Student Presentation Awards
Students presenting a poster or oral paper at an AOU meeting may apply to be considered for a student presentation award. Four awards will be given, including an award (the Robert B. Berry Student Award) for the most outstanding presentation on research pertaining to avian conservation.
Students presenting a poster or oral paper at the 2013AOU/COS meeting may apply to be considered for a student presentation award.
For this meeting, students may compete for student travel awards by submitting an application through Ornithology Exchange. NOTE: If you are not already a member of Ornithology Exchange, you will need to register. The registration link is in the upper right corner of the Ornithology Exchange home page. It takes just a few seconds to register.
Students presenting a poster or oral paper at the 2013AOU/COS meeting in Chicago may apply to be considered for a student presentation award. Applications for these are due 3 May 2013. All applicants must also submit a regular scientific abstract through the meeting website by May 3 (oral paper) or May 10 (posters), 2013. Awards are contingent on acceptance of the scientific abstract by the Scientific Program Committee.
To be eligible, applicants must be:
- Sole author or lead author of a poster or oral paper presented by the student at the meeting.
- A full-time or recently graduated student. Students graduating the semester prior to the meeting are also eligible for presentation awards. Undergraduate students are also eligible for presentation awards.
- Applicants must be AOU or COS members. Students who are not currently members are encouraged to become members.
- Cannot be presenting in a symposia.
Students may apply for both a presentation award and a travel award in the same year. Students may receive only one presentation award from AOU and one from COS per lifetime.
To apply, please go to: http://ornithologyexchange.org/meetings/aou-cos-2013/travel_app.html. You will need to provide:
- A C.V. (maximum 1 page)
- An expanded abstract. This should be a maximum of 3 pages (including references, tables, and figures) using a 12 point font. The expanded abstract should state objectives, methods, major results and scientific significance. Please include the abstract and cv into a single file.
- A short email from the academic advisor indicating the student is in good standing. This should be emailed to firstname.lastname@example.org or provided to the Ornithology Exchange website (details provided on the site).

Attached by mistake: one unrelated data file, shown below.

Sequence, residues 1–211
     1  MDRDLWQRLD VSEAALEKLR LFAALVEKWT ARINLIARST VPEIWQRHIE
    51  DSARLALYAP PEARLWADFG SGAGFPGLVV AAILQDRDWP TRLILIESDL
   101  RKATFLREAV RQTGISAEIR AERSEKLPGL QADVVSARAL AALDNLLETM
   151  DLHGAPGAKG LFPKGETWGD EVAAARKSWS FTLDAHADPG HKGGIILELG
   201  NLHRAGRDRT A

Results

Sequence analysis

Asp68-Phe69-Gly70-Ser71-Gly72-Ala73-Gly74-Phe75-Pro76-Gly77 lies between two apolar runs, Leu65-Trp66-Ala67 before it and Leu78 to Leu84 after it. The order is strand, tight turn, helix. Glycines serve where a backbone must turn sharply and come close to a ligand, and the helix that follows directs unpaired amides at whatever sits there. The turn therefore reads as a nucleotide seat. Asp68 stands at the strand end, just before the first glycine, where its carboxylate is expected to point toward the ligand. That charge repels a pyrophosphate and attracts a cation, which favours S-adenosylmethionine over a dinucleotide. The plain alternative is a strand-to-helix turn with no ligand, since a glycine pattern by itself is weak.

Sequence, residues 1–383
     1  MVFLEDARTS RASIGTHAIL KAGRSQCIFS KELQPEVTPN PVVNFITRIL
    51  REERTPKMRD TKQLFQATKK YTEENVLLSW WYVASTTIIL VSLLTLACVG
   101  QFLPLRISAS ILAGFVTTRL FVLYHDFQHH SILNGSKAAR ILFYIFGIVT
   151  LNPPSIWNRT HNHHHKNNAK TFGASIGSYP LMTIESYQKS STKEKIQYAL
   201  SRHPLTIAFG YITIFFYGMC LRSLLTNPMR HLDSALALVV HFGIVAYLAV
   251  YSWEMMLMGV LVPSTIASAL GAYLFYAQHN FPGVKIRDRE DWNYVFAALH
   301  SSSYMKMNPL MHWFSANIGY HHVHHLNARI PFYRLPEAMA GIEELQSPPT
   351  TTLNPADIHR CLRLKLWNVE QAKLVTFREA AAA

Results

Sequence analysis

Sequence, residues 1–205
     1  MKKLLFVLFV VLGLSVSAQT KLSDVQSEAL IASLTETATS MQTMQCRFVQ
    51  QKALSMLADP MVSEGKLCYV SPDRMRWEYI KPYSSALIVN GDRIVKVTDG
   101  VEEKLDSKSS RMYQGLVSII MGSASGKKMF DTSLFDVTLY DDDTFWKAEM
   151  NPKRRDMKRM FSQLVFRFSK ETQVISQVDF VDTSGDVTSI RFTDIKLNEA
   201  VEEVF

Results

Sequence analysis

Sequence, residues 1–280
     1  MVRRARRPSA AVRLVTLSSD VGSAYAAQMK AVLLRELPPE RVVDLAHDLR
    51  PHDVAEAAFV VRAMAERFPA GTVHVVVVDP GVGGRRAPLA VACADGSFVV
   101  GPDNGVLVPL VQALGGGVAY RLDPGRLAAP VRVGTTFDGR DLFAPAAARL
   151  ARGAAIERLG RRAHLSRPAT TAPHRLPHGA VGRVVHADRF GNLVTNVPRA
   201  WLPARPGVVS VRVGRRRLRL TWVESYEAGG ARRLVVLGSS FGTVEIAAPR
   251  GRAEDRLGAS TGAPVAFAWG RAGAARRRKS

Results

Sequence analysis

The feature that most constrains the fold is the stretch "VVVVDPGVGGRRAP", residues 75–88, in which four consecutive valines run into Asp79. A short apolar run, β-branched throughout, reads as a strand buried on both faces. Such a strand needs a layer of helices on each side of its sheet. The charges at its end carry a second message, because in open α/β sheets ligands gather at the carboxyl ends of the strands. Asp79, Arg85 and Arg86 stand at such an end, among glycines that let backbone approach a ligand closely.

2011 Winners, 127th Stated Meeting, Jacksonville
AOU PRESENTATION awards were given at the annual banquet to four students for excellence in the rigor and quality of their scientific papers. (Berry Award) The award for the best student conservation presentation was presented to KRISTEN DYBALA, University of California, Davis, for "Age matters: adult and juvenile survival rates will respond differently to climate change."
The three general awards are unranked and were presented to ALLISON COX, University of Missouri, for "Prospecting behavior, post-fledging survival, and the influence of forest cover during natal dispersal in a resident bird;"
REBECCA HEISS, University of Memphis, for "Oxidative stress and trade-offs in the cooperatively breeding Florida Scrub-Jay (Aphelocoma coerulescens);" and
CHRISTOPHER TONRA, University of Maine, for "The role of testosterone in seasonal interactions: observational and experimental studies in the American Redstart."
2010 Winners, 128th Stated Meeting, San Diego
These awards are unranked and were presented at the annual banquet to KATHI BORGMANN of the Univ. Arizona, Tucson, for "The nest-concealment paradox: new insights from empirical, comparative, and experimental approaches,"
RUSSELL LIGON of Auburn Univ. for "Feeding sexy sons sometimes: feeding decisions of eastern bluebirds are situationally influenced by fledgling plumage color," and
DAIZABURO SHIZUKA of U. C. Santa Cruz for "Coots use hatch order to learn to recognize and reject conspecific brood parasitic chicks."
The Berry Award for the best student conservation presentation was awarded to PETER EPANCHIN of U. C. Berkeley, for "Indirect effects of nonnative fish on the Gray-crowned Rosy-Finch."
2009 Winners, 127th Stated Meeting, Philadelphia
Morgan Tingley (University of California, Berkeley, “Birds track their Grinnellian niche in response to a century 1 of climate change”) - AOU Student Conservation Award
Mary Caswell Stoddard (University of Cambridge, “Host egg pattern mimicry by the Common Cuckoo, Cuculus canorus: objective methods based on avian visual perception”) - AOU Nellie Johnson Baroody Award
Gustavo A. Bravo (Louisiana State University, “Phylogenetic analysis of phenotypic divergence in the antbirds”) - AOU Council Award
Jason Keagy (University of Maryland, “Male general cognitive ability influences male mating success in the Satin Bowerbird”) - AOU Council Award